Culture war as the Maldives opens up to backpackers

Culture war as the Maldives opens up to backpackers

MALE, Maldives - Agence France-Presse
Culture war as the Maldives opens up to backpackers

This photo shows an aerial view of the island of Male, the capital of the Maldives. Ibrahim Mohamed (below L) chats to a guest at his modest guest house in Male. AFP photo

The Maldives is one of the world’s most exclusive holiday destinations but it has quietly opened up to backpackers in the last five years with a reform that has upset religious hardliners.

Most visitors arrive at the country’s airport island, take a speed boat or seaplane to their expensive coral-fringed private resort and spend the next week relaxing in blissful ignorance of the country around them. It has been this way for decades, the result of a deliberate policy of keeping the wealthy holidaymakers, mostly Westerners and often newly-weds, on uninhabited islands separate from the local Muslim population.

The Islamic Republic applies different laws for both: travelers are free to drink alcohol, eat pork, and for those not on their honeymoon, enjoy pre-marital sex. Elsewhere, Maldivian women can be flogged in public for fornication.

“Since Maldives is a Muslim country, we have always supported the idea that the tourism industry should be separate from the inhabited islands,” says Mauroof Hussain, vice president of the conservative Adhaalath Party, which has been a minority partner in successive governments since 2008. While the archipelago is still far from the hippy trail, the sight of backpackers wandering around Male and the nearby island of Maafushi is growing thanks to a new policy to attract budget travelers.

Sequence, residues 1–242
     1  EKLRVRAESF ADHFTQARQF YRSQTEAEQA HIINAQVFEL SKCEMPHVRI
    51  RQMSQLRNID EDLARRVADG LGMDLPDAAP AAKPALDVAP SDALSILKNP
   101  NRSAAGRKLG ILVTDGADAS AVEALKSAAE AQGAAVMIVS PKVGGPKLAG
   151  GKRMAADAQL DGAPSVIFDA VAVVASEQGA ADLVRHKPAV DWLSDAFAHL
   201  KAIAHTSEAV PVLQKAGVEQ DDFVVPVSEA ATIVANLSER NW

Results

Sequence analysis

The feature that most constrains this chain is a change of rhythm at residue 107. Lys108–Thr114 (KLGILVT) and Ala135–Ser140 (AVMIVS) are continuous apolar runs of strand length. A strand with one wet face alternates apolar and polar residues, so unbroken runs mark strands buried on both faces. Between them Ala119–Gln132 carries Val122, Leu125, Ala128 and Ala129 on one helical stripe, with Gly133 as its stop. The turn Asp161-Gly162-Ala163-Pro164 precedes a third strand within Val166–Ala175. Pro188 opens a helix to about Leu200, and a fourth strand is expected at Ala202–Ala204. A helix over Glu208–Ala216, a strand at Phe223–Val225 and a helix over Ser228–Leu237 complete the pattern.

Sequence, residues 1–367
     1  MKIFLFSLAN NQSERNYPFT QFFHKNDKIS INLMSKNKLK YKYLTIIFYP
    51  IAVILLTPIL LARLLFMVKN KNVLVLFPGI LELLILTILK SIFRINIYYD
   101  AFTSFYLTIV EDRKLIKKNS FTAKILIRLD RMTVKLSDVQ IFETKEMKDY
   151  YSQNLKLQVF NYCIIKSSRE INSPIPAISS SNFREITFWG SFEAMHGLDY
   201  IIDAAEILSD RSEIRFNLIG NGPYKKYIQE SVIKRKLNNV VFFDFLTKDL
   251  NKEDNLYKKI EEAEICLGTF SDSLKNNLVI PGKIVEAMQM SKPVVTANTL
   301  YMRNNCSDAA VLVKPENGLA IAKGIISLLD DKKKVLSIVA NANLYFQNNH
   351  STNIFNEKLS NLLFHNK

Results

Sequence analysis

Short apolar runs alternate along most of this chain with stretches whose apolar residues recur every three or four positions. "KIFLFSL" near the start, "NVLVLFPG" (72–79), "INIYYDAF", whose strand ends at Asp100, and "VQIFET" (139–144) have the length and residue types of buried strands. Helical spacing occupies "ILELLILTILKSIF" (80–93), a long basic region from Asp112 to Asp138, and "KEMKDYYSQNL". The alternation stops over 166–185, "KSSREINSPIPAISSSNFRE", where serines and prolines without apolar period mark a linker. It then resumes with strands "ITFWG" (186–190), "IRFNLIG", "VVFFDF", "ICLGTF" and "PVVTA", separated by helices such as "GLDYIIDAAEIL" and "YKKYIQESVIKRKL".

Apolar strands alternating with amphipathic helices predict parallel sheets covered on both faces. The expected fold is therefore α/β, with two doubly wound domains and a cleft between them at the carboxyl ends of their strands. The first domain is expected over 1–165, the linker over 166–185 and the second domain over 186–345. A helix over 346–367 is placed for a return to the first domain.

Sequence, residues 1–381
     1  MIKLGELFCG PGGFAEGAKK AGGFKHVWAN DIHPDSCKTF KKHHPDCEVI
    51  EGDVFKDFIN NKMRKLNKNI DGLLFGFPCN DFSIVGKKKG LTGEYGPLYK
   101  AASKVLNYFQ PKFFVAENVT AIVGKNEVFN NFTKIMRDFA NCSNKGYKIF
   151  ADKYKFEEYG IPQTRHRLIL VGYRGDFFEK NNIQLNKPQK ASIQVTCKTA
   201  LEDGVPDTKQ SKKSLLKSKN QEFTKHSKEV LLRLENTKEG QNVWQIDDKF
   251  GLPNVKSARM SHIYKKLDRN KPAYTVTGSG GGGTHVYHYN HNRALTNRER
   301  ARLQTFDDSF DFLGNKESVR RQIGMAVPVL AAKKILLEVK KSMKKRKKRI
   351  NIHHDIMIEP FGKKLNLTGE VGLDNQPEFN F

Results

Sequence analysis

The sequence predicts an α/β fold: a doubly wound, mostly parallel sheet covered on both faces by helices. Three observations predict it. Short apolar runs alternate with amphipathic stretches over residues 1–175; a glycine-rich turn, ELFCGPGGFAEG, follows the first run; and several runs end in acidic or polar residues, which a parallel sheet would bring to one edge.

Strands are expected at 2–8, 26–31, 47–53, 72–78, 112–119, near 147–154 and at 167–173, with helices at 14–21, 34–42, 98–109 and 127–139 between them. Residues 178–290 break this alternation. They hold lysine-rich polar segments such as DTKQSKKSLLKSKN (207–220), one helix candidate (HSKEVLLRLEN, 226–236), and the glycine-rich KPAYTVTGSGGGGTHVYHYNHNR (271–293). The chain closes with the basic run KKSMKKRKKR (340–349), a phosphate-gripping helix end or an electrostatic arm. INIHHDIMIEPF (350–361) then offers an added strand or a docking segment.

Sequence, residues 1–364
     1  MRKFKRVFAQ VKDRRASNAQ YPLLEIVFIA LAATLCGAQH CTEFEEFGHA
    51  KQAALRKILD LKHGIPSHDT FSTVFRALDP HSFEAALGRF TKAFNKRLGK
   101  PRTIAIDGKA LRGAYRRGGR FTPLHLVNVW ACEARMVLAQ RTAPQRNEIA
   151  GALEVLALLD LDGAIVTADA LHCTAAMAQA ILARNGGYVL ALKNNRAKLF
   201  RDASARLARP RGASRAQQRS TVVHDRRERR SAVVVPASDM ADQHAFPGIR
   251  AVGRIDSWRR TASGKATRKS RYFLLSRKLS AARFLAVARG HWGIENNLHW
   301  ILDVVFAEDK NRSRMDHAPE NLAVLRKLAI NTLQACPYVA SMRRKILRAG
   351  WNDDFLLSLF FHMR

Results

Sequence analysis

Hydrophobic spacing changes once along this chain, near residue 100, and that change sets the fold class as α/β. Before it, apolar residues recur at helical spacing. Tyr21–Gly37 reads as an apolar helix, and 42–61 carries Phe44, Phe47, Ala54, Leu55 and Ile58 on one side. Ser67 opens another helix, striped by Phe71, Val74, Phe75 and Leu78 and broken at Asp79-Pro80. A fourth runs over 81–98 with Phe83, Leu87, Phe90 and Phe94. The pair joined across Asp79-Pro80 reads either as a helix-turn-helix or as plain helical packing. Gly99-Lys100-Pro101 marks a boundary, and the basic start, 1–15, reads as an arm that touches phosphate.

“Things like nudity are not acceptable in a place where people are living,” adds Mauroof. “The people complain that they are praying in the mosque and just outside there are tourists in bikinis.” Since a reform under the country’s first democratically-elected president Mohamed Nasheed in 2009, Maldivians have been allowed to open their own guesthouses on populated islands.

Accomodation for $30 a night

While fundamentalist interpretations of Islam imported from the Gulf and Pakistan are progressively taking root in the Maldives, Mauroof’s views lie far outside the mainstream and are ridiculed by many.

What started as a trickle of guesthouses has become a torrent with entrepreneurs like 25-year-old Ibrahim Mohamed converting properties and profiting from what is the islands’ biggest business and foreign exchange earner.

“The Maldives can’t hide from the world anymore.” Mohamed stresses that the guesthouse policy is also “a good system to get money to the people instead of to wealthy businessmen.”

A handful of well-connected resort owners who prospered under the 30-year autocratic rule of strongman Maumoon Abdul Gayoom continue to control the Maldives economy and are active in politics.

These oligarchs have united against Nasheed, who was ousted in February 2012 following a mutiny by security forces which he branded a “coup.” His efforts to return to power through the ballot box have since been thwarted with the country wracked by protests and uncertainty after the Supreme Court annulled elections he won on Sept. 7.

The court order came in response to a legal challenge from the third-placed candidate Gasim Ibrahim, one of the country’s wealthiest tycoons who is in alliance with the Adhaalath Party.

A re-run of the polls has been ordered for Oct. 19, with the British government warning travelers to avoid demonstrations and take precautions in the capital. If re-elected, Nasheed has promised in to expand the guesthouse policy as part of his ambitious social and economic reform program.